What does the def-star-variable (or def-asterisk-parameter) syntax do in Python?

Inspired by Titus' blog post about Python's elusive at sign I thought I'd drop a little google egg for anyone who is learning Python and hasn't read the manual cover to cover yet (like I did ... yeah, right).

If you see a def in python with asterisks (or stars), like so:

def foo(*args, **kw):

...what does this syntax do? It is buried in the Python tutorial here, under More On Defining Functions > Arbitrary Argument Lists which would only appear in a google search if you already knew what the syntax does! The first form means any arbitrary number of arguments to the function foo will be provided to you in a tuple named args. And the second form means any arbitrary number of keyword arguments will be available in the dict kw. For example:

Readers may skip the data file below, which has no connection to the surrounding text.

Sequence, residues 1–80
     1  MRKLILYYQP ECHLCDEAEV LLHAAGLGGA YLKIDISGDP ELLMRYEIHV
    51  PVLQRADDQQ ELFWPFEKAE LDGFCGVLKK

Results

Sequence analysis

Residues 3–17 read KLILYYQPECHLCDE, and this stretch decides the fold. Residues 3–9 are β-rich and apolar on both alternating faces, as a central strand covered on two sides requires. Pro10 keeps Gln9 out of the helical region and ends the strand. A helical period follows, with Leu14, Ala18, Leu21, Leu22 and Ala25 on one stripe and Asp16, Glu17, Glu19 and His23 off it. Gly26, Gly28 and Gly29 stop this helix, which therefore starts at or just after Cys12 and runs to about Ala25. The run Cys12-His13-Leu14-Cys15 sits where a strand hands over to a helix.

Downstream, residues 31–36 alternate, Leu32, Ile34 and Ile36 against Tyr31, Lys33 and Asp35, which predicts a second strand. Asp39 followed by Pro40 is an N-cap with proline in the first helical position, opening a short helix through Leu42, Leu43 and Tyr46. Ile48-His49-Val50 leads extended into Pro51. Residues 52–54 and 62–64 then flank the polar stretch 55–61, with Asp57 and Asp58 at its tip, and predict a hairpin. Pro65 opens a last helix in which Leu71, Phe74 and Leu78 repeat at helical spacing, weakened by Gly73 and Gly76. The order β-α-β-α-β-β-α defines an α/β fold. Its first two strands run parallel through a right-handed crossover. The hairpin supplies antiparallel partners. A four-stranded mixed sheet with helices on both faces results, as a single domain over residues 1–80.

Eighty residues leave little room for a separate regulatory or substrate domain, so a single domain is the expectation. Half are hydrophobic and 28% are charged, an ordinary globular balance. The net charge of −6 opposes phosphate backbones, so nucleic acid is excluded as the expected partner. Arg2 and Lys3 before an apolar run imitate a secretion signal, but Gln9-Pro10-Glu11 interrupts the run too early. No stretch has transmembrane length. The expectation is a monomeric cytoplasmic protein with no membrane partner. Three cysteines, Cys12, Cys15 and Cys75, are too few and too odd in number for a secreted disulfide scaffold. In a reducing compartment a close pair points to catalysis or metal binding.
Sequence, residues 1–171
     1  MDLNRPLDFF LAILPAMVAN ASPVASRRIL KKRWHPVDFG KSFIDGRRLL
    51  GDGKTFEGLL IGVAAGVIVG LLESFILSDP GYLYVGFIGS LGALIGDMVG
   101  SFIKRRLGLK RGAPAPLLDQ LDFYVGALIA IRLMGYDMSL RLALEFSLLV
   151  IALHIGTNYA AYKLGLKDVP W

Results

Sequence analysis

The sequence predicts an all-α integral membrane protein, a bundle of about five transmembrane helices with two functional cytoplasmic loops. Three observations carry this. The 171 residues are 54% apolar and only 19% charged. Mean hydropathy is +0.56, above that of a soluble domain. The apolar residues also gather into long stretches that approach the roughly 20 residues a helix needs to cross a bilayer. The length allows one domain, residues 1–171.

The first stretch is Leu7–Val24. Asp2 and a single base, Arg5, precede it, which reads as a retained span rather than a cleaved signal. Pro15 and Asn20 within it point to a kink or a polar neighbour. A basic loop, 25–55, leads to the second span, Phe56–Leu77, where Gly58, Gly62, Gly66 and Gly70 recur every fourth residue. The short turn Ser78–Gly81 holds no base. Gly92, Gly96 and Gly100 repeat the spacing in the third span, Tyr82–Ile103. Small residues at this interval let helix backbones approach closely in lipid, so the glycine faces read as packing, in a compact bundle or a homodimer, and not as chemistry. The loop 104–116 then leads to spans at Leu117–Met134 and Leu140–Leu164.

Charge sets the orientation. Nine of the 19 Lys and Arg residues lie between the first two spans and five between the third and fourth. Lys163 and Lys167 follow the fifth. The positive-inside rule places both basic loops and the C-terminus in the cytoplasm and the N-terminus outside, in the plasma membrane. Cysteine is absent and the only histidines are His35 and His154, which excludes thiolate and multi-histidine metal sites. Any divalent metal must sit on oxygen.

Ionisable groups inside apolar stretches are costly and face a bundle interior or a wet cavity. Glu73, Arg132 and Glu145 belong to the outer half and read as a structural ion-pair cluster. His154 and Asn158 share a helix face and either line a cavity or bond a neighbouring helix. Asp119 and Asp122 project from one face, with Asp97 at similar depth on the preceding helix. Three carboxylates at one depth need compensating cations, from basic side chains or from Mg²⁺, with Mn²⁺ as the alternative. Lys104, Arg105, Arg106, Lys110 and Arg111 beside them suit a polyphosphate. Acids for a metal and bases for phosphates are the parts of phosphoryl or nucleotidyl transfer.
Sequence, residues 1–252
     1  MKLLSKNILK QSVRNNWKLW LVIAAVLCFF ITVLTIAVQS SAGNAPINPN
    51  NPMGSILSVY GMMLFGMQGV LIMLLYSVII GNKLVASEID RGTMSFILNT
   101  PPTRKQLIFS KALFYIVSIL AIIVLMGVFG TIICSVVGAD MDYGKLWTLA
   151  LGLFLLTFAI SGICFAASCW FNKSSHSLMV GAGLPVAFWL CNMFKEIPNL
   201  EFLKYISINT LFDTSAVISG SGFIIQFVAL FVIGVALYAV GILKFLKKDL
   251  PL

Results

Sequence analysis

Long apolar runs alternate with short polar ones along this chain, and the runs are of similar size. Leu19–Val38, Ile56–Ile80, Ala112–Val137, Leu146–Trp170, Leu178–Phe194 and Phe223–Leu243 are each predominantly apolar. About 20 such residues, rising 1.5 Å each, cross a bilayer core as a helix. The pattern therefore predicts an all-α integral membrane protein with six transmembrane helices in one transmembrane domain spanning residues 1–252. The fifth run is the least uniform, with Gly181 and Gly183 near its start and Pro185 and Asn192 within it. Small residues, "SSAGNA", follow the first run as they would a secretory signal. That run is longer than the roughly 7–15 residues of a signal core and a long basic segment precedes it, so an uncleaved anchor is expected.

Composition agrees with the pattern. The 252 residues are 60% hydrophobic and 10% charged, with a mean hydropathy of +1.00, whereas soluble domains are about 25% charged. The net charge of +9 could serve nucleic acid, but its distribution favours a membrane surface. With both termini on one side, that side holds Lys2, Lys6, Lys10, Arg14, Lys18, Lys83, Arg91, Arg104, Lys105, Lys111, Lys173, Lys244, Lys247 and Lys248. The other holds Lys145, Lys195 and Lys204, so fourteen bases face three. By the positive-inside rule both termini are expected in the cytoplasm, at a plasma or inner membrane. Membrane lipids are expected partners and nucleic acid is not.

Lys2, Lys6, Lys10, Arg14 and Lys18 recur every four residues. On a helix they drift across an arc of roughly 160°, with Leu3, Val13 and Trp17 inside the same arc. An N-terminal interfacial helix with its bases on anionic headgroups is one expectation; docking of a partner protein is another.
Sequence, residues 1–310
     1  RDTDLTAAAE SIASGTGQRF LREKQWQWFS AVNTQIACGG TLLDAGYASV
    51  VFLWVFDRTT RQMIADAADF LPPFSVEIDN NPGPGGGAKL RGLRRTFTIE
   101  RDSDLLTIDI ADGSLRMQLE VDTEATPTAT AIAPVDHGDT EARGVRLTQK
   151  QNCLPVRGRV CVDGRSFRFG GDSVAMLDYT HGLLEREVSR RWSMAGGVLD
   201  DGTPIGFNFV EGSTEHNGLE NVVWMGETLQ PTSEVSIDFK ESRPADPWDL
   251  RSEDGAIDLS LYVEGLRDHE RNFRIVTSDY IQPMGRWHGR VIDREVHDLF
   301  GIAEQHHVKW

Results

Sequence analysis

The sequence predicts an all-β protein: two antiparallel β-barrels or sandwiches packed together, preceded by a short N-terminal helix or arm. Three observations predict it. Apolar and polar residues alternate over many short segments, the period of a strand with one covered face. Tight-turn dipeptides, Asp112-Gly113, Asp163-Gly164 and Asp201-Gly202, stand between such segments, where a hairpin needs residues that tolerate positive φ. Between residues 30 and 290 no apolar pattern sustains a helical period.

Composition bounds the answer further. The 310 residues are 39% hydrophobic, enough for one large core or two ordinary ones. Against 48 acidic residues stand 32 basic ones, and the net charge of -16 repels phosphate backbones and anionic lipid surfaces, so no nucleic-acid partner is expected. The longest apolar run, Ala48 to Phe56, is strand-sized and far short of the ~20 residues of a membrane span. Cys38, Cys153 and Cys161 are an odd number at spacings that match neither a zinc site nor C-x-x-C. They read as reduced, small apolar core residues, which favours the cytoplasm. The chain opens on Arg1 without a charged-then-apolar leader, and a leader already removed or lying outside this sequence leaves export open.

>>> def checkout(*items, **coupons):
...     print items
...     print coupons
>>> checkout('eggs', 'cheese', 'cereal', 
...          cereal='10% off', cheese='buy 1 get 1')
('eggs', 'cheese', 'cereal')
{'cheese': 'buy 1 get 1', 'cereal': '10% off'}

The above section in the tutorial has the details on the order in which this is achieved.

DISCLAIMER: The author of this post does not condone lazily learning a programming language by trial and error, reading other peoples' code, or simply googling for an answer to something :)